Information collected by USDA's National Agricultural Statistics Service (NASS) directly from farmers and ranchers shows both farm numbers and land in farms have ongoing small percentage declines since the last Census in 2012. At the same time, there continue to be more of the largest and smallest operations and fewer middle-sized farms. The average age of all farmers and ranchers continues to rise.
“We are pleased to deliver Census of Agriculture results to America, and especially to the farmers and ranchers who participated,” said U.S. Secretary of Agriculture Sonny Perdue. “We can all use the Census to tell the tremendous story of U.S. agriculture and how it is changing. As a data-driven organization, we are eager to dig in to this wealth of information to advance our goals of supporting farmers and ranchers, facilitating rural prosperity, and strengthening stewardship of private lands efficiently, effectively, and with integrity.”
“The Census shows new data that can be compared to previous censuses for insights into agricultural trends and changes down to the county level,” said NASS Administrator Hubert Hamer. “While the current picture shows a consistent trend in the structure of U.S. agriculture, there are some ups and downs since the last Census as well as first-time data on topics such as military status and on-farm decisionmaking. To make it easier to delve into the data, we are pleased to make the results available in many online formats including a new data query interface, as well as traditional data tables.”
Census data provide valuable insights into demographics, economics, land and activities on U.S. farms and ranches. Some key highlights include:
- There are 2.04 million farms and ranches (down 3.2% from 2012) with an average size of 441 acres (up 1.6%) on 900 million acres (down 1.6%).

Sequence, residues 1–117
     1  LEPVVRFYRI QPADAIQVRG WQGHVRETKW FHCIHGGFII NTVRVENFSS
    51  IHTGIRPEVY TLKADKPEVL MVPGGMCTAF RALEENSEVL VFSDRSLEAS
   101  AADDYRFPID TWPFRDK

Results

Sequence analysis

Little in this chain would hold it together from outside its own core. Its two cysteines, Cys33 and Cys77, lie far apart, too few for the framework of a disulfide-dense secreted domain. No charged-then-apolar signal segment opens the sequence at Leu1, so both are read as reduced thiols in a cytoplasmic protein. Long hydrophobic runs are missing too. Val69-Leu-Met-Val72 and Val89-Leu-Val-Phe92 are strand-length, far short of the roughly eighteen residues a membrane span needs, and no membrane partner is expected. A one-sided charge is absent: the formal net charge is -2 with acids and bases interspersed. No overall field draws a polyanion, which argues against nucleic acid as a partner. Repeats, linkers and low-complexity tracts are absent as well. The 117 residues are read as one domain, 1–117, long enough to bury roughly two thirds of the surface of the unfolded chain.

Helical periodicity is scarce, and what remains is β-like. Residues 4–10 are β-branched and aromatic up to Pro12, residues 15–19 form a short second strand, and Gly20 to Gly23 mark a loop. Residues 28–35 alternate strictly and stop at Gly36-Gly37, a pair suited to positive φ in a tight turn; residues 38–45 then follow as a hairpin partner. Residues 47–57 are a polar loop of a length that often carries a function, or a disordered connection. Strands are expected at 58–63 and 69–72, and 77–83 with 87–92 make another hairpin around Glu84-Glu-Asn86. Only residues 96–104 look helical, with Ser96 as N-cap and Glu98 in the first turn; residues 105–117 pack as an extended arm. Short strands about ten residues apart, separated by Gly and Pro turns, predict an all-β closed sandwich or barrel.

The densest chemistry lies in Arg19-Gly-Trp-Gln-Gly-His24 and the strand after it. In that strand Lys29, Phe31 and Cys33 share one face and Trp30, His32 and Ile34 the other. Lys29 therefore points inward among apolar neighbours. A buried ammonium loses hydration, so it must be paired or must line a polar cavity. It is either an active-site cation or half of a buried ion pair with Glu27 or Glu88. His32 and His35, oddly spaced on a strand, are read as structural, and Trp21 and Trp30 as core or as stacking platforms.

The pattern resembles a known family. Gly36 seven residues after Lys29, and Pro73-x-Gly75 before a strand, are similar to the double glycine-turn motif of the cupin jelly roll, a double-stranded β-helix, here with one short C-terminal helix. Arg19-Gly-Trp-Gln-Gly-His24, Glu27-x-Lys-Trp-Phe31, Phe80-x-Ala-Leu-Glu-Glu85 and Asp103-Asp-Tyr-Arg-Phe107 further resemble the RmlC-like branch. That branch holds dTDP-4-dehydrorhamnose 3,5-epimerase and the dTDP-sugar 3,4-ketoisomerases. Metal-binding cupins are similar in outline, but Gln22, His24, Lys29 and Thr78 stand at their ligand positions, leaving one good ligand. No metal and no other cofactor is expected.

- The 273,000 smallest (1-9 acres) farms make up 0.1% of all farmland while the 85,127 largest (2,000 or more acres) farms make up 58% of farmland.
- Just 105,453 farms produced 75% of all sales in 2017, down from 119,908 in 2012.
- Of the 2.04 million farms and ranches, the 76,865 making $1 million or more in 2017 represent just over two-thirds of the $389 billion in total value of production while the 1.56 million operations making under $50,000 represent just 2.9%.
- Farm expenses are $326 billion with feed, livestock purchased, hired labor, fertilizer and cash rents topping the list of farm expenses in 2017.
- Average farm income is $43,053. A total of 43.6% of farms had positive net cash farm income in 2017.
- Ninety-six percent of farms and ranches are family owned.
- Farms with Internet access rose from 69.6% in 2012 to 75.4% in 2017.
- A total of 133,176 farms and ranches use renewable energy producing systems, more than double the 57,299 in 2012.
- In 2017, 130,056 farms sold directly to consumers, with sales of $2.8 billion.
- Sales to retail outlets, institutions and food hubs by 28,958 operations are valued at $9 billion.
For the 2017 Census of Agriculture, NASS changed the demographic questions to better represent the roles of all persons involved in on-farm decision making. As a result, in 2017 the number of producers is up by nearly 7% to 3.4 million, because more farms reported multiple producers. Most of the newly identified producers are female. While the number of male producers fell 1.7% to 2.17 million from 2012 to 2017, the number of female producers increased by nearly 27% to 1.23 million.
Other demographic highlights include:
- The average age of all producers is 57.5, up 1.2 years from 2012.
- The number of producers who have served in the military is 370,619, or 11% of all. They are older than the average at 67.9.
- There are 321,261 young producers age 35 or less on 240,141 farms. Farms with young producers making decisions tend to be larger than average in both acres and sales.